To demand that such basic constitutional questions be draped in legalistic theatrics—and that plaintiffs be well-qualified individuals ostensibly out of work because one specific position at a public employer is not considering new applicants—makes a mockery of the very system designed to provide resolution. 

Moreover, under the court’s traditional interpretation of standing, the full scope of Nevada’s separation of powers doctrine will likely never be satisfactorily addressed. After all, a little shuffling around in a government agency’s administrative office could, in theory, derail any attempted future litigation. 

If a qualified plaintiff tried to sue Nicole Cannizzaro over her position as a deputy district attorney, for example, the DA’s office might be able to get the lawsuit dismissed by merely offering the plaintiff an alternative prosecutorial position. Given the plethora of positions open in the state’s public school system, it seems unlikely that any applicant—no matter how well qualified—would be able to claim suffering “a personal harm” because of some lawmaker’s continued employment in a school district. 

To put it simply: The personal harm of someone (allegedly) missing out on an employment opportunity with a public agency isn’t the question the court needs to solve—nor is it an argument that could be made without some suspension of disbelief. So, why should it be central to enforcing a plainly written constitutional provision regarding the structure of our government? 

No wonder, given this framework, the court has never actually had an opportunity to resolve the underlying issue regarding the separation of powers provision. For decades, the judicial application of standing effectively narrowed the pool of potential plaintiffs ad absurdum—making it virtually impossible for anyone to advance a judicially permissible case.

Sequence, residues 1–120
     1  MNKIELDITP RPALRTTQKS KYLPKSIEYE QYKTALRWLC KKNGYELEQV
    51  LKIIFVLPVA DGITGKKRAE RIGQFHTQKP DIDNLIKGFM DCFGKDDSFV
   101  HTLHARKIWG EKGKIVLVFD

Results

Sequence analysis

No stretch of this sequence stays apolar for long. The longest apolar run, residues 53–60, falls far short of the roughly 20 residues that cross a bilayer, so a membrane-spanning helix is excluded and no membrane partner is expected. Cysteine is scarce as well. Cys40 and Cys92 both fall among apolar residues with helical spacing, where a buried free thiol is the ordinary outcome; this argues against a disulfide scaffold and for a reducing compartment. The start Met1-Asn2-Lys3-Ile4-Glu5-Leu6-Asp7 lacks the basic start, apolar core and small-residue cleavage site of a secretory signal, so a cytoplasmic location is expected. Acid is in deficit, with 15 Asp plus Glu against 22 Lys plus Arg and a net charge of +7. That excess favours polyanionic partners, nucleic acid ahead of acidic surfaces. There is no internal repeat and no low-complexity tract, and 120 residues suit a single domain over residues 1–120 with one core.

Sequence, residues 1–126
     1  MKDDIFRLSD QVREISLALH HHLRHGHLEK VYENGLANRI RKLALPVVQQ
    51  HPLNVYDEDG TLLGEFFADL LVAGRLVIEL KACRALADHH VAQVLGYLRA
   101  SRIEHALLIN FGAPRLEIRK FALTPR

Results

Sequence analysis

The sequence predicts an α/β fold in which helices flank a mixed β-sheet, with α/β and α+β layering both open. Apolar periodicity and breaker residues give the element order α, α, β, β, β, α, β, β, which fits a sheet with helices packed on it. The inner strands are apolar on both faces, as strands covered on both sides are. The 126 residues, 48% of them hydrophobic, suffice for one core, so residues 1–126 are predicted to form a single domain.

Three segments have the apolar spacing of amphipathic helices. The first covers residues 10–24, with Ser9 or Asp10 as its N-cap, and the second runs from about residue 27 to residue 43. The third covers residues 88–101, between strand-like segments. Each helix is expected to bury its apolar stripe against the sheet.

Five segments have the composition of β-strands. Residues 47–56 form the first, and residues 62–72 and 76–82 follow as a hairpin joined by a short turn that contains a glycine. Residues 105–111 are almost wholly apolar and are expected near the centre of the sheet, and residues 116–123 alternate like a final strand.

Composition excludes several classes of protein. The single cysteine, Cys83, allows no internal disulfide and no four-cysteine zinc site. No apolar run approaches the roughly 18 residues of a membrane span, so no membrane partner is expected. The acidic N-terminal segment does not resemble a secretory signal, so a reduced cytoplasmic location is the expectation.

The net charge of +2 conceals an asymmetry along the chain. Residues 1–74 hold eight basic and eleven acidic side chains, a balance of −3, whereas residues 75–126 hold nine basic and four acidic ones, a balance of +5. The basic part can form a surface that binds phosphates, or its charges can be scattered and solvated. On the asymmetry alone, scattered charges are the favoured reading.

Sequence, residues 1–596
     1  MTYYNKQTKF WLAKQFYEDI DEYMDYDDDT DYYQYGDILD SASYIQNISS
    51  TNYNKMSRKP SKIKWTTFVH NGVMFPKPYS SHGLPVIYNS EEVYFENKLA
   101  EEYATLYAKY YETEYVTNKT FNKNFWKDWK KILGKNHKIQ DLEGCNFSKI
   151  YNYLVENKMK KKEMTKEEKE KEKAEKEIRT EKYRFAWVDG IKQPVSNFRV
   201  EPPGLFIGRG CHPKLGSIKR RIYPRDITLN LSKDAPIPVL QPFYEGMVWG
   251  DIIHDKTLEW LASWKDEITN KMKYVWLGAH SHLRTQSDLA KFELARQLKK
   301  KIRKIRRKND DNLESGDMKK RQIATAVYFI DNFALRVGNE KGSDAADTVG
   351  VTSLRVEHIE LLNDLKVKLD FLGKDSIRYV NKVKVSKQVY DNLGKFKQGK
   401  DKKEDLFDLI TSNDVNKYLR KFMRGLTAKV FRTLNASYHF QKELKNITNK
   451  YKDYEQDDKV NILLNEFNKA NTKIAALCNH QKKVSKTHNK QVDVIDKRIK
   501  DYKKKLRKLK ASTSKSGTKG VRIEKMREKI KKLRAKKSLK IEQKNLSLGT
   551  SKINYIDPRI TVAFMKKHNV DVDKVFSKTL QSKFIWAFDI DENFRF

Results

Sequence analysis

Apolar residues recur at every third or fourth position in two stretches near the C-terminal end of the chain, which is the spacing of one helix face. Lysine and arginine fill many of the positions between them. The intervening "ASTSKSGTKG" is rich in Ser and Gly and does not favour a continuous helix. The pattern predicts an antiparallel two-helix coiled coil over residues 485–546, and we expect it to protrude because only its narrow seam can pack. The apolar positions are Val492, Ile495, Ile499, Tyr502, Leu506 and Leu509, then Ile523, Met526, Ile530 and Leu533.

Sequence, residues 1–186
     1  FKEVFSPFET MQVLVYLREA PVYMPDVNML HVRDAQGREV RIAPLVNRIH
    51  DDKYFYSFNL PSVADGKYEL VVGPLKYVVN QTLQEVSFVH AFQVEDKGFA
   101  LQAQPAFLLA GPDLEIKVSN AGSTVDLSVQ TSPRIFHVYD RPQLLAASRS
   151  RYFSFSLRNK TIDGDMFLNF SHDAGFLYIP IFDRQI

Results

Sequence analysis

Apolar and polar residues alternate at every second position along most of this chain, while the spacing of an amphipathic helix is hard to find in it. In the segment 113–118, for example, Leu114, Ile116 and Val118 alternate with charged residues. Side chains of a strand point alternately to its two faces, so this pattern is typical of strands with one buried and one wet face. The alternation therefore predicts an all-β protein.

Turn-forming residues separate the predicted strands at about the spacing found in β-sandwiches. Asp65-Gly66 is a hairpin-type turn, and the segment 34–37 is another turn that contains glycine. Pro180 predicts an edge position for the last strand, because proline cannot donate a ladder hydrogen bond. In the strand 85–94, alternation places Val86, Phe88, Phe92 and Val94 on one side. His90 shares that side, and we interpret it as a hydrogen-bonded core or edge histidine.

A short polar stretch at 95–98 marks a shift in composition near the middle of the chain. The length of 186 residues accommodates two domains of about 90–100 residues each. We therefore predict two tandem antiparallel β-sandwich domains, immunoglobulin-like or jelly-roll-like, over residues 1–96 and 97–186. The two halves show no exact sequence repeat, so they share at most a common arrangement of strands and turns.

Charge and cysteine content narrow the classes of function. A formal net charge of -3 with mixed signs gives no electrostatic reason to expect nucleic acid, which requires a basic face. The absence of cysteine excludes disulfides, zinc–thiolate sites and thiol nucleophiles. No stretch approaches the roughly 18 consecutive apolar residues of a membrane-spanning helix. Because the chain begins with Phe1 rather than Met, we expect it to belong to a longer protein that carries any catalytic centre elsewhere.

However, in 2016, something important changed in Nevada jurisprudence: The Nevada Supreme Court expanded its interpretation of standing. The “Schwartz exception,” as it became known, was carved out by the high court precisely because certain legal questions merit resolution on behalf of the public at large—not merely on behalf of one individual claiming exclusive and unique injury. 

While this exception remains narrow, the concept reflects the thinking behind much broader exceptions to traditional standing requirements that have been adopted by a plethora of other states—including Colorado, Oregon, Indiana, Montana, Louisiana and New Mexico. Such expanded versions of the Schwartz exception, known collectively as versions of “taxpayer standing,” have been a routine part of jurisprudence in numerous states—giving regular taxpayers a pathway to challenge unconstitutional government actions without inventing ancillary reasons for bringing forward a lawsuit. 

There’s nothing stopping the Nevada Supreme Court from adopting similar exceptions for such questions of public importance. Should the high court instead decide not to grant standing in NPRI vs. Cannizzaro—either under the Schwartz exception or through an expansion of it—it will have effectively concluded that clinging to a narrow procedural precedent is more important than providing citizens with a usable mechanism for resolving constitutional conflicts. 

Such a decision would condemn the underlying issues of this case to a perpetual legal purgatory—hardly a fitting outcome for an issue the high court itself has described as one of the most crucial components of our constitutional order.

Michael Schaus began his professional career in policy and public commentary over a decade ago, working as a columnist, a political humorist, a radio talk show host and, most recently, as the communications director for Nevada Policy Research Institute. In 2021, Michael founded Schaus Creative LLC, a creative branding and design agency dedicated to helping organizations, businesses and activists tell their story and motivate change. Follow him at SchausCreative.com or on Twitter at @schausmichael.